At 12:30 pm (Texas time) on November 22, 1963, shots rang out, a President died, and and entire nation just stopped.  The country felt like it was in a strange sort of paralysis.  Schools dismissed, businesses paused or closed, and people wept in public.

Three days later every soul who wasn't urgently needed elsewhere was in front of a television set, watching the state funeral.  I watched along with everyone else.  

It was an unbelievably sad event, that funeral.  For me, perhaps the most gut wrenching part was seeing the President's casket on a caisson, with a horse following along behind.  The horse, black and riderless, with empty boots in the stirrups, turned backwards, symbolic of a fallen leader, tore at my guts.  

It was a symbolism so glaringly obvious that no explanation was necessary.  It was a sight so gut-wrenching and poignant that the only possible reaction was tears.  Somehow, there was a sense that Black Jack, the horse,
represented something even more than a fallen leader.

I cried.  My parents cried.  A nation cried.  The words may not have been said yet, but deep inside we all knew we were living the in the death of an era.  Our Camelot had been shattered.

We didn't know what would come next, but we sure knew a light had been extinguished.

I Hear Killing Lincoln is Even Better

And There are Young People's Versions of Each

I haven't read Killing Lincoln yet, but those who have read both say it's better than Killing Kennedy.  I'll be ordering it soon. But, I'm glad to have read what some have judged to be the 'lesser' of the two first.  That way, I've saved the best for last. 

While both of these books are written for adults, O'Reilly has gone to the trouble to write a version of each of them for kids.  They're called Lincoln's Last Days and Kennedy's Last Days.  They've both gotten good reviews from kids, parents, and teachers.  By all accounts you kids will not only like them, but gain a greater appreciation of history from them.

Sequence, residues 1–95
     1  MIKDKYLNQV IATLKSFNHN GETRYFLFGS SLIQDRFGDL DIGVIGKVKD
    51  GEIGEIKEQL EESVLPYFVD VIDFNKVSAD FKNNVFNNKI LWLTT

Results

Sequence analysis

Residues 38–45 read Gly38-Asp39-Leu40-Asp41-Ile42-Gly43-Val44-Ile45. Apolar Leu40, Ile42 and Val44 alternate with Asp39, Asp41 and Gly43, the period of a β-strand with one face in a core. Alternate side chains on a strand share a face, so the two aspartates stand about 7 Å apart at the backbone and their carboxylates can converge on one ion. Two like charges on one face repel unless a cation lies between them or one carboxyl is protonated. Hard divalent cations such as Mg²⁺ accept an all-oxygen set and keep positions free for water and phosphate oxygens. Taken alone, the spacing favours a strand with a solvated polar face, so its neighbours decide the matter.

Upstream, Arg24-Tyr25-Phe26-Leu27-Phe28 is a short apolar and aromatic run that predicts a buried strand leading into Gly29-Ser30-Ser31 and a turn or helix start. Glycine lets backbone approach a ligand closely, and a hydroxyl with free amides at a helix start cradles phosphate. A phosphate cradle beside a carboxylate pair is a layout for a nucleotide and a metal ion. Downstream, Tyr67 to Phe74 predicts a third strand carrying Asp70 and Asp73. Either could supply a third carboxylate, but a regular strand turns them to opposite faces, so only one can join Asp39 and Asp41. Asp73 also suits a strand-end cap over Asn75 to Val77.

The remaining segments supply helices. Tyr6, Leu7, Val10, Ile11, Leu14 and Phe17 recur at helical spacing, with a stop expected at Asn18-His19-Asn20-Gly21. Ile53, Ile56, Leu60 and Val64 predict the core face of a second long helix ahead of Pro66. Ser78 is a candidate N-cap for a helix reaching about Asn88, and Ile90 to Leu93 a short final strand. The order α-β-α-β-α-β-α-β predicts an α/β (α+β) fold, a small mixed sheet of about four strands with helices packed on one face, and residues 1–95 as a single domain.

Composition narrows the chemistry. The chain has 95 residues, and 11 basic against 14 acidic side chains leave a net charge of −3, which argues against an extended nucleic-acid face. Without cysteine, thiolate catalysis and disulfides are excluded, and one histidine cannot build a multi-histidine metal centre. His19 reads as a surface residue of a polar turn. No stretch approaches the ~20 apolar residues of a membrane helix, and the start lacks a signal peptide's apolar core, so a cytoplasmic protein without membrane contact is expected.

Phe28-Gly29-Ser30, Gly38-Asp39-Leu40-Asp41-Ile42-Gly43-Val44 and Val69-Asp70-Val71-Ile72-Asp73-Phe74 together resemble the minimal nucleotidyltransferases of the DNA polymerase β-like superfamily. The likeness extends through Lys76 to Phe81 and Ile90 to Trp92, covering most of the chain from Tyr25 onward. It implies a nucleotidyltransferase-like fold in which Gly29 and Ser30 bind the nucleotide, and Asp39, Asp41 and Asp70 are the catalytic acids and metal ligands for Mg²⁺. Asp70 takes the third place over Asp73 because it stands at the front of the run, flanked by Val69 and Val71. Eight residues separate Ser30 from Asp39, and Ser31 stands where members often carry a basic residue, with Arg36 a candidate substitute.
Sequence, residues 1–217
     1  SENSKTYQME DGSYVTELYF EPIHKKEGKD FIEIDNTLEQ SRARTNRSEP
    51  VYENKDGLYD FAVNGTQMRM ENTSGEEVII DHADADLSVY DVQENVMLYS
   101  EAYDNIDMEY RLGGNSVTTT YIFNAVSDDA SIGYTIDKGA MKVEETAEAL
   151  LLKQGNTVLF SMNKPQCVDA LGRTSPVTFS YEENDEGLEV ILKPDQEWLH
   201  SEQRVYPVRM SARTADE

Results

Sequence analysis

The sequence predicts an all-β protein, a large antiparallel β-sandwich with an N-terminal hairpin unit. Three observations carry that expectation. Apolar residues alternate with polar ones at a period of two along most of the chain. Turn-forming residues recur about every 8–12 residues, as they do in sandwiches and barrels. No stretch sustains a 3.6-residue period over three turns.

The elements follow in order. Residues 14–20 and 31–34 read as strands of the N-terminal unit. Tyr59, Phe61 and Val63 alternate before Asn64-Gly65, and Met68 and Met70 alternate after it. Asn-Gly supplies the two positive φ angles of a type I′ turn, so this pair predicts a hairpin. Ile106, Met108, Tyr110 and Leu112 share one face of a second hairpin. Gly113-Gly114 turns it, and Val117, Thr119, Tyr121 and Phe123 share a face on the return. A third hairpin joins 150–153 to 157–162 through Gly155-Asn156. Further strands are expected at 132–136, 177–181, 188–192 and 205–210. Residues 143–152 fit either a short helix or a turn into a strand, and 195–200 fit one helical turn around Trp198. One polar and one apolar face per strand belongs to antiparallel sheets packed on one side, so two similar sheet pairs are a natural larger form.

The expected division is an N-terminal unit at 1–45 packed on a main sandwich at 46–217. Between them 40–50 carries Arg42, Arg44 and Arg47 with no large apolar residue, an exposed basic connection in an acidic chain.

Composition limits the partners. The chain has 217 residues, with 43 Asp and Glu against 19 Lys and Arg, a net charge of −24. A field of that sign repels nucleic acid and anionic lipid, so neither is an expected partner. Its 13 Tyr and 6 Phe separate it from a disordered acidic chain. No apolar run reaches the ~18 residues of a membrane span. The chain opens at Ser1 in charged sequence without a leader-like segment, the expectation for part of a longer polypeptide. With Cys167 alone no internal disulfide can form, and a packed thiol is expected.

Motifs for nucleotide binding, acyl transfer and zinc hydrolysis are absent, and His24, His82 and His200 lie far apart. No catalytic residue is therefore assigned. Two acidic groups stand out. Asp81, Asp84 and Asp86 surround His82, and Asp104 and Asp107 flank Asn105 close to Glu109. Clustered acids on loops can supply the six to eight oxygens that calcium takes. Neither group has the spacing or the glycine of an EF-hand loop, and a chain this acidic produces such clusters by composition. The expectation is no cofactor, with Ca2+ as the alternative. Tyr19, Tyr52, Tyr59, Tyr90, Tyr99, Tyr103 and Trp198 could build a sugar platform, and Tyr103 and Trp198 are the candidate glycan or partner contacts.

Killing Lincoln

Other History Books by Bill O'Reilly

Killing Reagan: The Violent Assault That Changed a Presidency

From the bestselling team of Bill O'Reilly and Martin Dugard comes Killing Reagan, a page-turning epic account of the career of President Ronald Reagan that tells the vivid stor...

View on Amazon

Killing Lincoln/Killing Kennedy Boxed Set

The ultimate collection of history that reads like a thriller from mega-bestselling author, Bill O'Reilly Millions of readers have discovered the thrill of history come to life ...

View on Amazon

Killing Patton: The Strange Death of World War II's Most Audacious General

Readers around the world have thrilled to Killing Lincoln, Killing Kennedy, and Killing Jesus--riveting works of nonfiction that journey into the heart of the most famous murder...

View on Amazon

Have You Read Killing Lincoln or Killing Kennedy?

Or Both ?
Updated: 10/31/2015, CruiseReady
Thank you! Would you like to post a comment now?

Do You Remember Where You Were When It Happened? Or Are You Too Young?

CruiseReady on 07/03/2015

It was, indeed. Those of us who lived through it may not ever be able to adequately communicate to the younger generations quite what it was like, and what a sea change Kennedy's assassination brought about.

Guest on 07/03/2015

This is a beautiful piece. I remember the day as well. I was in the 11th grade. It was a terrible time for America and the Kennedy family.

CruiseReady on 05/29/2015

It was one of those things that you'll never forget where you were when it happened. You were younger than I was. At that age, were you aware of just how historic an event it was?

frankbeswick on 05/29/2015

I was just ready for my parents to take me to a winter fair when the news came through. I was thirteen.

CruiseReady on 05/29/2015

Yep. I was home sick, and was bedded down on the sofa, watching TV... saw it happen. Geeze what an awful moment to witness.

candy47 on 05/29/2015

I was in Miss Green's history it was yesterday.